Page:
Written and directed by Kiyoshi Kurosawa, Kairo (Pulse) is essential viewing for fans of Japanese horror. I would describe it as a blend of Ju-on, Ringu and, strangely enough, The Omega Man, with a unique style and inspiring atmosphere.
Reviews of this film's transfer to DVD are similar across all Regions, citing a very dark image and average visible detail. Ours is no different.
The feature has been transferred to DVD in an aspect ratio of 1.78:1, complete with 16x9 enhancement. The image is tight to the frame on all sides. I presume this would be relatively close to the film's original theatrical aspect, in fact the matte may have been opened a little from the original 1.85:1.
The picture is moderately sharp throughout and shows a mild, yet consistent wash of film grain. Haloing is a major issue, particularly on a big screen. It seems that any foreground object is outlined slightly, which is rather distracting. This effect can also be seen in the opening and closing titles. The film is also very dark, a choice on the part of the director I presume, but I felt that these scenes are handled well and suit the overall atmosphere of the film. There were no occasions where I was struggling to make sense of what was lurking in the shadows.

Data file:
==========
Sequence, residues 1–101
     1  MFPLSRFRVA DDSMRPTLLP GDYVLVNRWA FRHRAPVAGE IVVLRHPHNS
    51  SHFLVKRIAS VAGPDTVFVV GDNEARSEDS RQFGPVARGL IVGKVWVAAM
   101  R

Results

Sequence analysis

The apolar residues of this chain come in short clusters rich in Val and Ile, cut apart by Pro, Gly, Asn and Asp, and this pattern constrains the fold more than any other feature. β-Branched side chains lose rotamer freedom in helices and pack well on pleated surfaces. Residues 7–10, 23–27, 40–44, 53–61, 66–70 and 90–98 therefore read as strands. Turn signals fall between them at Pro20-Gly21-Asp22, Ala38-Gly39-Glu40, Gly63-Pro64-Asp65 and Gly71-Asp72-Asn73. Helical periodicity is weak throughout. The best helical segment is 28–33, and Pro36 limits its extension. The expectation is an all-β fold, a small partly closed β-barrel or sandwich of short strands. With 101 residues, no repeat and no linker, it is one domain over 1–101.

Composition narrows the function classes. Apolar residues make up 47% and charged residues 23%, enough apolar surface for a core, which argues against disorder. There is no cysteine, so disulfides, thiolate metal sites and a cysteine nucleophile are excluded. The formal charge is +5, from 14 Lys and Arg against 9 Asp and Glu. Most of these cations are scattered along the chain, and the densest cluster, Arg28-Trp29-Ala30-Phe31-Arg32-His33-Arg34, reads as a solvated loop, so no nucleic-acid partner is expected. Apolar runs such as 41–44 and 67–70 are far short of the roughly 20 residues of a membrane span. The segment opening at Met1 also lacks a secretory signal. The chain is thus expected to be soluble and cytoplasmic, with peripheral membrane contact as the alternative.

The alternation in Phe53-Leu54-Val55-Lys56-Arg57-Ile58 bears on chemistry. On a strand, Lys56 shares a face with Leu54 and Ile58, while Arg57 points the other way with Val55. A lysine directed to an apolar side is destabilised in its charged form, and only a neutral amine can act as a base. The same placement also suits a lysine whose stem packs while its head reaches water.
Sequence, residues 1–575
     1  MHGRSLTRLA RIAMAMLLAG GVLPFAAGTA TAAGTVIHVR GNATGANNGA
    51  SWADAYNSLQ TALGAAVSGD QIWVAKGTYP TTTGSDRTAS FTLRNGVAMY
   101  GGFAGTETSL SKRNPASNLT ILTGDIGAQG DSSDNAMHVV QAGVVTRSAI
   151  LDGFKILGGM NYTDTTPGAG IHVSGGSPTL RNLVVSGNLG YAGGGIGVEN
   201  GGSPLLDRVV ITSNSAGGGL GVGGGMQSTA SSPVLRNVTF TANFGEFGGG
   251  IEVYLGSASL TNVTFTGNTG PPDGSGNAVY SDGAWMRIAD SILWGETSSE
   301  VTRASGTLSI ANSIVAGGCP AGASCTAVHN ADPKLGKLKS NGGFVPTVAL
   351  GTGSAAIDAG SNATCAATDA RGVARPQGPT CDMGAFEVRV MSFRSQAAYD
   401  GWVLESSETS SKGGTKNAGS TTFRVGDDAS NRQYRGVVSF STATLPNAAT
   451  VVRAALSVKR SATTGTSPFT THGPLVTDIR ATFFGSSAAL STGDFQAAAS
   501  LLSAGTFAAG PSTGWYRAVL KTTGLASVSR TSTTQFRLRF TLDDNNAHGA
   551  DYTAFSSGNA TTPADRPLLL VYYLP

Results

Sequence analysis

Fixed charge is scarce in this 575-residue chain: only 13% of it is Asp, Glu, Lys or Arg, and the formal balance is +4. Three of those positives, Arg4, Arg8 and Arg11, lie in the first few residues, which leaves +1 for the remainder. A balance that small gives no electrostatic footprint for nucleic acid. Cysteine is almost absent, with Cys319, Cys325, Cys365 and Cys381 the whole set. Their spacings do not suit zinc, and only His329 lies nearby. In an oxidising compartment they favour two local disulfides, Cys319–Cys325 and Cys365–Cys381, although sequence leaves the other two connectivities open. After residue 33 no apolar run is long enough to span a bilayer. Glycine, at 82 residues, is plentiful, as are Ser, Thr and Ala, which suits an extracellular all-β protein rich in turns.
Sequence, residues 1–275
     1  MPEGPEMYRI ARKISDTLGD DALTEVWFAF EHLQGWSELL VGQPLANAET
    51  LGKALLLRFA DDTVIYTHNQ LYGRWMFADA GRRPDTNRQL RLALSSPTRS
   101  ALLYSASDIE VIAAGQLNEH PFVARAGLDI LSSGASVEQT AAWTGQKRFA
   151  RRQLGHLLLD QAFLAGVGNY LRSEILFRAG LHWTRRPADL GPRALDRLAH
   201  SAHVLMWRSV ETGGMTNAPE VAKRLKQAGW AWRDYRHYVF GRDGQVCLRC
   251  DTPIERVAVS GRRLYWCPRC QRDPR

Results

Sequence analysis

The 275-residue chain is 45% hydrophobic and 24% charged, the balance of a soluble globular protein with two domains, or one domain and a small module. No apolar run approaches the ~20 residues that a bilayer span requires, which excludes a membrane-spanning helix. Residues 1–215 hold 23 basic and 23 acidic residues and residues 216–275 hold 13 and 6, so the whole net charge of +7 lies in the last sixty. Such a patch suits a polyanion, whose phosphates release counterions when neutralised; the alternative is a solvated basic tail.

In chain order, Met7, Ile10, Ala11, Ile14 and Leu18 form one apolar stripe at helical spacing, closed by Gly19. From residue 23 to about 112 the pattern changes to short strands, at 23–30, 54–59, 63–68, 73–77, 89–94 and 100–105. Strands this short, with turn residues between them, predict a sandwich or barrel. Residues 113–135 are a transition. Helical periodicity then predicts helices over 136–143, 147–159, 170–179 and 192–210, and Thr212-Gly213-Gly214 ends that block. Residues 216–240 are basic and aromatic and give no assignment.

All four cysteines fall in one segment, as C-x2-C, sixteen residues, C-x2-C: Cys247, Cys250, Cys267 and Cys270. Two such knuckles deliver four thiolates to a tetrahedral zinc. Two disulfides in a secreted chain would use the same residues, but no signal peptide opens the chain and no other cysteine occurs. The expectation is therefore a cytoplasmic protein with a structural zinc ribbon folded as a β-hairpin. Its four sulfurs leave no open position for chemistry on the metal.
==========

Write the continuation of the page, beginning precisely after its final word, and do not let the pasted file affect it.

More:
The film is practically devoid of any bold colouring. Having said that, there are no inconsistencies or rendering issues to speak of.
I didn't notice any MPEG compression issues at all, however the video bitrate appears to be highly variable. Some film artefacts are present, ranging from small specs here and there to a particularly large one at the bottom of the frame at 30:00.
An English subtitle stream is activated by default. The yellow font is easy to read and is paced accurately with the dialogue. The font switches to white to translate Japanese characters that appear on screen. I didn't notice any annoying spelling or grammar errors in the text.
This disc is dual layered, with a layer break placed during the feature at 36:12. The transition between layers was transparent on my system, however, it may interrupt motion on screen for some.
There are two soundtracks accompanying this film on DVD, both of which are the film's original Japanese language. A nice Dolby Digital 5.1 soundtrack is the default, encoded at 448Kb/s. A Dolby Digital 2.0 stereo (224Kb/s) option is included.
The dialogue is distinct and easy to discern above the rest of the elements in the soundtrack. The ADR is absolutely seamless and audio sync is fine.